National Post (Canada) reports that poor safety and fatigue may have contributed to Death aboard Tall Ship

Update (Oct. 17, 2007) – Oliver Moore of the Globe and Mail wrote “Stories don’t add up in death at sea – Company disputes investigator’s claims that crew was too tired, understaffed” According to the article, the Picton Castle has issued a press release refuting each of the safety issues cited in the Transportation Safety Board’s letter to the Cook Islands Maritime Authority about the casualty.

Update (Oct. 16, 2007) – CBC News reports that Picton Castle owners, Windward Isles Sailing Ship Company have responded to the Transportation Safety Board of Canada’s letter “disputing claims there were safety and operating violations when Laura Gainey was swept overboard and lost at sea.”


Charles Mandel of CanWest News Service wrote an article today for the National Post (Canada) entitled “Poor safety, fatigue may have led to Gainey death”

Laura Gainey This story focuses on a letter issued by the Transportation Safety Board of Canada about an incident that took place last December aboard the tall ship Picton Castle when Laura Gainey, a trainee/crew member, was washed overboard by a rogue wave. The vessel was making a transit from Lunenburg, NS, Canada to the Caribbean to prepare for the filming of the CBS’s short lived reality TV series, Pirate Master.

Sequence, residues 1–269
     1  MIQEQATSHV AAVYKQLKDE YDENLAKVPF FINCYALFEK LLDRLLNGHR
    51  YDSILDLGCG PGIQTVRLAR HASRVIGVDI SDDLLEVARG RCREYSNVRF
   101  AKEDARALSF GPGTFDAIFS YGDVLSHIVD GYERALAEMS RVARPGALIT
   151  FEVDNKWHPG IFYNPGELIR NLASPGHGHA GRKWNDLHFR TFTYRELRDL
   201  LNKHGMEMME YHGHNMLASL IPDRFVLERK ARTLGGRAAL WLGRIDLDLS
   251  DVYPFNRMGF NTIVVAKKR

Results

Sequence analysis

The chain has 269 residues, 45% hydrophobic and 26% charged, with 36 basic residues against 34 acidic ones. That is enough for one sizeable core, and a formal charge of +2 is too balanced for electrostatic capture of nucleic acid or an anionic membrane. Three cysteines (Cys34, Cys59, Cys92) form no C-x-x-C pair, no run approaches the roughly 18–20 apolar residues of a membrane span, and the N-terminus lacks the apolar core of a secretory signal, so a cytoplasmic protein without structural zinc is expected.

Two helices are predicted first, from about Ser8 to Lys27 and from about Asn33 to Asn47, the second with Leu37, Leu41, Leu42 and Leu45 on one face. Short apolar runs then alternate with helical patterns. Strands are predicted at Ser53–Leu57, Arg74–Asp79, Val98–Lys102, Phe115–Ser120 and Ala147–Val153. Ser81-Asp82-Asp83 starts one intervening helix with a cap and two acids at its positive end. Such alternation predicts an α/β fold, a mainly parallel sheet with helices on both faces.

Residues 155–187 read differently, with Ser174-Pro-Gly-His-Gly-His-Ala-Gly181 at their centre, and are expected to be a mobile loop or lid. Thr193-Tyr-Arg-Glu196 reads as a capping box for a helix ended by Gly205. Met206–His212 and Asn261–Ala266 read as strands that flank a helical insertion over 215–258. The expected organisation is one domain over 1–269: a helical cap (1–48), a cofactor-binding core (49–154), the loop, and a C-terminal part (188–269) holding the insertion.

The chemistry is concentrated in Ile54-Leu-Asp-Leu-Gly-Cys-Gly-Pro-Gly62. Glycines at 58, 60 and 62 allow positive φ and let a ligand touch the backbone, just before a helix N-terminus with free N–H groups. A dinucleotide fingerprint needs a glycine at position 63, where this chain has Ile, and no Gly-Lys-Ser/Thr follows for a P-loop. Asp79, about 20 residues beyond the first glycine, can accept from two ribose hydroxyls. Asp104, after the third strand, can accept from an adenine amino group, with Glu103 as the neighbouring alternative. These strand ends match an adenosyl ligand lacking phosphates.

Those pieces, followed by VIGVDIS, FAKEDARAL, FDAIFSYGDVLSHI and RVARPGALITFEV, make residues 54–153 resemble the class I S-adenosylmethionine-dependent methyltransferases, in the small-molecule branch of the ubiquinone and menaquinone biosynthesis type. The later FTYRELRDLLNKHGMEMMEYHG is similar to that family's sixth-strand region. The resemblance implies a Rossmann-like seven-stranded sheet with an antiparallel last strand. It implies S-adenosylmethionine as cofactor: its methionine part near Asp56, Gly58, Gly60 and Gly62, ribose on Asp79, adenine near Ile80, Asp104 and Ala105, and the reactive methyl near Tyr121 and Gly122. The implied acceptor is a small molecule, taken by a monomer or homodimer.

While the Picton Castle hails from Lunenburg, NS, she is registered in the Cook Islands whose maritime authority has responsibility for investigating the casualty; they have not yet made their report public.

According to the National Post article, the Transportation Safety Board of Canada’s letter states that Gainey had been up for 22 hours before the incident which may have caused her to be fatigued and been a contributing factor to her death. Additionally, the article states that the letter cites “a number of “safety issues,” including a lack of marine emergency training among the ship’s crew; absence of emergency crew drills; and the fact that crew did not make a regular practice of wearing safety harnesses on deck at night or during inclement weather while the ship was sailing.”

This was a tragic case for all involved, most especially the family, friends and shipmates of Laura Gainey. However, it must serve as a sober reminder that going to sea always has and always will carry a certain level of risk. It is an alien environment that challenges us and that is one reason why it is such an incredibly powerful teaching platform and learning experience. We need to take every step necessary to effectively manage, mitigate and eliminate the risk. After that, we must be forever vigilant regarding our own personal safety and that of our shipmates and the seaworthiness of the ship and her endeavour.

Again, our hearts and thoughts go out to Laura’s family, friends and shipmates.

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Peter A. Mello

Father, son. Lifelong mariner, student of leadership, photographer. Professional creative placemaker.

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